'The best Chardonnay in South Africa'

Cathy attends a combined birthday and relaunch party and finds a new star wine.

by: Cathy Marston | 27 Oct 2010

Well, whatever else I had expected to say after being invited to good-value cellar Van Loveren’s 30th birthday bash, it wasn’t that! But there is a lot more to this cellar than meets the eye, and a stunning spring day saw about 100 guests gathered in the gardens (first planted by matriarch Ouma Jean) to celebrate their success.

The Retief family have farmed this land for almost three quarters of a century, but it wasn’t until 1980 that they bottled the first wine under their own name. This was 500 cases of Premier Grand Cru – and it took them the entire year to sell out.  One of the original founder’s two sons, Wynand Retief, recalled how whenever a visitor came to the farm, the entire family would down tools, race in from the fields and ply them with coffee and sweetcorn fritters – all in a desperate attempt to sell some wine!

Nowadays, customers need no such incentives and Van Loveren’s sales have increased to more than 1,000,000 cases a year spread amongst the five different ranges. The most popular label by far is the Four Cousins range of easy-drinking wines, now South Africa’s top selling bottled wine and celebrating a decade of sales this year. But it is the newly renamed Christina van Loveren range which was the real eye-opener of the weekend.

Previously known as the Wolverine Creek range (the name-change was in part prompted by Americans who wanted to know how many wolverines there were on the farm!), and now named after the original owner, these wines are the babies of Danelle van Rensburg, the first non-family winemaker at Van Loveren.  New to the range are the Cap Classique, the Sauvignon Blanc and the Cabernet Sauvignon, but my favourites (as they have been for some years) are the Shiraz and the Chardonnay. Given the amount of fruit available to Danelle and her own, much-lauded talents, it should come as no real surprise that she has crafted such elegant and satisfying wines. But it is when it comes to the prices that Van Loveren enters a whole new level, and at R55 for the elegantly wooded Chardonnay, I challenge anybody to find a better example for the money anywhere in SA!

The afternoon lingered on with plenty of lovely food provided by Andrea Foulkes of Dish, lots of great wines and excellent music provided by the toe-tapping Flip a Coin, an ‘a cappella’ group from Potchefstroom. As we tucked into petit fours and fudge made by the various Retief ladies, surrounded by the next generation of little Retiefs chasing the chickens through the gardens planted by their great grandmother, it really felt like being part of a big, happy family. Here’s to the next 30 years, Van Loveren – I hope you invite me back for that party too!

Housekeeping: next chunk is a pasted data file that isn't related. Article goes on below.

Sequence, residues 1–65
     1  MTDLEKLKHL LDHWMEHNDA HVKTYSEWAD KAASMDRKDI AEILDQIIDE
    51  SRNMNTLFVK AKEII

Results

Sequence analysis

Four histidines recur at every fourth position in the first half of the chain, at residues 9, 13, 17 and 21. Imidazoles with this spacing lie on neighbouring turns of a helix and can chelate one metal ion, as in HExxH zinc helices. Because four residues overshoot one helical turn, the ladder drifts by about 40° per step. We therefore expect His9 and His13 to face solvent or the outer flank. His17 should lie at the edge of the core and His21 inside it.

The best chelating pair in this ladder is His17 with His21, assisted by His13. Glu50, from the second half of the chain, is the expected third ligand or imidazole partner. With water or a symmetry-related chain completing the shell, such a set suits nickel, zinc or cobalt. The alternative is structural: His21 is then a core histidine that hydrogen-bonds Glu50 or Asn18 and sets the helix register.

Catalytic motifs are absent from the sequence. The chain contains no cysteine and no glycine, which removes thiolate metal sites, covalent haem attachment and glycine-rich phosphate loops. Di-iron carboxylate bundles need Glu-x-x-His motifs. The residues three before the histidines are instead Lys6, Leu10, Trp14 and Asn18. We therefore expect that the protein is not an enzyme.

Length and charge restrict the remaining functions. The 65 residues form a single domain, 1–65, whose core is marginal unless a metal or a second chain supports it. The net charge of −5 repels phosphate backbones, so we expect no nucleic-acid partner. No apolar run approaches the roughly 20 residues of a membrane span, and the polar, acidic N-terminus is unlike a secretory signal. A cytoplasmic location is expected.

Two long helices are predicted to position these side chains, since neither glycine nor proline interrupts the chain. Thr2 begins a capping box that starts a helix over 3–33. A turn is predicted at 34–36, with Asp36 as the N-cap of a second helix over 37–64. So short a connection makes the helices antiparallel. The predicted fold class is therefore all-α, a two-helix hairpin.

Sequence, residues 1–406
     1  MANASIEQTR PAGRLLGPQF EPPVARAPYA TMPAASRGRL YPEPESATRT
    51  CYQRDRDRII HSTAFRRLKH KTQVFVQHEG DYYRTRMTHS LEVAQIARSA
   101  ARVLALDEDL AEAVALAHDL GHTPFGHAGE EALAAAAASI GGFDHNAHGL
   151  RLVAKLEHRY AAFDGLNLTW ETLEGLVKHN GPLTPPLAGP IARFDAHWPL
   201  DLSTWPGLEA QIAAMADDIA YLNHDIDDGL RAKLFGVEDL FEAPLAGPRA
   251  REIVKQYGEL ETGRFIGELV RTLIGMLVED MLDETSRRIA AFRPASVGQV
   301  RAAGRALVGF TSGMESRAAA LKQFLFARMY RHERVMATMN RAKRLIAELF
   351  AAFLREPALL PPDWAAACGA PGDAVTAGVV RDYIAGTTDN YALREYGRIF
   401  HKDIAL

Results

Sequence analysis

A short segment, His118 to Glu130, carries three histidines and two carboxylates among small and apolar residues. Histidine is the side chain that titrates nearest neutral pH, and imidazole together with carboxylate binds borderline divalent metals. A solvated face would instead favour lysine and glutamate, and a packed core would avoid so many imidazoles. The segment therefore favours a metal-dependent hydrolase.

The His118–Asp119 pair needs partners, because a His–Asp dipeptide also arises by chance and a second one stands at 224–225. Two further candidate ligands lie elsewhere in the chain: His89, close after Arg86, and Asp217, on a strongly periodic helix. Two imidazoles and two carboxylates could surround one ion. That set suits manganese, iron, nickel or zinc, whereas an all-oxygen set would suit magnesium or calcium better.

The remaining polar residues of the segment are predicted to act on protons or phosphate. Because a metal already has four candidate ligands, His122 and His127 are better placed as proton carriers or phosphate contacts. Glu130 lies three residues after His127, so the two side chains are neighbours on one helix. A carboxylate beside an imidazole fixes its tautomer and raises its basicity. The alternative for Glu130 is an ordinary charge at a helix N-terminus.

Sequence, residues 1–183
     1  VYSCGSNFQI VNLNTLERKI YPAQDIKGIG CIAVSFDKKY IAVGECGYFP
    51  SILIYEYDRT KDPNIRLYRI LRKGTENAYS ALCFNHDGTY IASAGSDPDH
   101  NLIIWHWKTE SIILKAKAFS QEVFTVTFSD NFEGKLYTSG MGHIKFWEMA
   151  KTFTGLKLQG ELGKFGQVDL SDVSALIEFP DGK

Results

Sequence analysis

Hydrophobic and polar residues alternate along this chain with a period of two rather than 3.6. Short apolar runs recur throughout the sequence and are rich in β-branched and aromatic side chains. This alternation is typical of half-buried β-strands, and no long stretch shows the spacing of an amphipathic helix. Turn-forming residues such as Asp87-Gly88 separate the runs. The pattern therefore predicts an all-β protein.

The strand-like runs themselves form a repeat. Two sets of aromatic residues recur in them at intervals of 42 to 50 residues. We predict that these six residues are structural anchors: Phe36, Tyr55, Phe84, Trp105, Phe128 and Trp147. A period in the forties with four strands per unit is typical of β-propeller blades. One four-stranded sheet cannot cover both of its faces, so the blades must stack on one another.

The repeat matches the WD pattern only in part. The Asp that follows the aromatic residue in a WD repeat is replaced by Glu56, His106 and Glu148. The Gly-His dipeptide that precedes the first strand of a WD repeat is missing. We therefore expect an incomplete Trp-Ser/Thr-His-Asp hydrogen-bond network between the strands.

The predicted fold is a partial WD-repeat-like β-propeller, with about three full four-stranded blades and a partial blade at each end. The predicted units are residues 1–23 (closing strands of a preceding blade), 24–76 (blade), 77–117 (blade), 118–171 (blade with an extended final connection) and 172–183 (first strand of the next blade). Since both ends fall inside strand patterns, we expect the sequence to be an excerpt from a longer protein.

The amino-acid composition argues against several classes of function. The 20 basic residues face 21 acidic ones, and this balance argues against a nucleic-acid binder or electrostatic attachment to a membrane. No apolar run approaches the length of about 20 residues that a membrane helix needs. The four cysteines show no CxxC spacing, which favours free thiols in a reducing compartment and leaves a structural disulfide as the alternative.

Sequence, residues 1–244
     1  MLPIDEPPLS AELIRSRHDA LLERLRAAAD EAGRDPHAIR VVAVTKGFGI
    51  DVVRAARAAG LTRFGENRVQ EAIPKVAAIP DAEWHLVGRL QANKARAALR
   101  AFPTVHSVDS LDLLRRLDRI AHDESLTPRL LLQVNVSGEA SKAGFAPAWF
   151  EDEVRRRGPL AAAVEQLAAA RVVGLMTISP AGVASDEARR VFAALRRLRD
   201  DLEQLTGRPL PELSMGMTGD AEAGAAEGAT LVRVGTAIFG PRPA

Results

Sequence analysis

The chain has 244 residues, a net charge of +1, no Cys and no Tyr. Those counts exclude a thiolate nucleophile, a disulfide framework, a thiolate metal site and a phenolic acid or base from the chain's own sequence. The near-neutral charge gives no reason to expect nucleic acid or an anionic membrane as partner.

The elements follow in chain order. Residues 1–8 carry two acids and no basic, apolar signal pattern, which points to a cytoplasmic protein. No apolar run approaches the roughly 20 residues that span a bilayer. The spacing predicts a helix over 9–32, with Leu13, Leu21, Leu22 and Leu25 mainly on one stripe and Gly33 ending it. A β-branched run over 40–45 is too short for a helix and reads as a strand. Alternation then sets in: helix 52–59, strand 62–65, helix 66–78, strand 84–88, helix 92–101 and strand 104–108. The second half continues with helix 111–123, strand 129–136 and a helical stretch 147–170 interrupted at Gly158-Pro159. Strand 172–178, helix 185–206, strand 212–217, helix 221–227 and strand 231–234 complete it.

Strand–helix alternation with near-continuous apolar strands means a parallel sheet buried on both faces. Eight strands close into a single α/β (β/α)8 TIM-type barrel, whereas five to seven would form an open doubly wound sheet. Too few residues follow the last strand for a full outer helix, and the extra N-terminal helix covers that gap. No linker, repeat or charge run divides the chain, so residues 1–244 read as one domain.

My pick of the wines this weekend

2010 Van Loveren ‘Neil’s Pick’ Colombar        R23

This is an astonishing example of an oft-disregarded grape - it got Danelle to the finals of the Woman Winemaker of the Year competition when it was up alongside wines more than 5 times its price! Slightly off-dry, but balanced by lively grapefruit acidity, it’s a great summer drink and an excellent match for Thai food.

2009 Van Loveren Cramond Cabernet/Merlot     R39

A new wine made to partner the white blend, launched last year. This is 60%Cabernet/40% Merlot and is full of juicy black fruit with soft tannins and more than a hint of dark mint chocolate. Very good value for money.

2009 Christina van Loveren Reserve Chardonnay     R55
Takes advantage of the natural limestone soils in Robertson – one of the finest areas in SA for Chardonnay – this is a wonderful example of balance in a wine with yellow stonefruit, lively acidity and creamy oak all together in perfect harmony. Excellent length with an almond flower finish.

PS – if you’re into them, then VL have also just launched a ‘chocolate/coffee’ Pinotage called African Java. Retailing at R45 it’s a good value option for lovers of this style.

Have you tried the Reserve Chardonnay? Do you know a better one for the price? Tell us below.

Read more on: chardonnay  |  cathy marston


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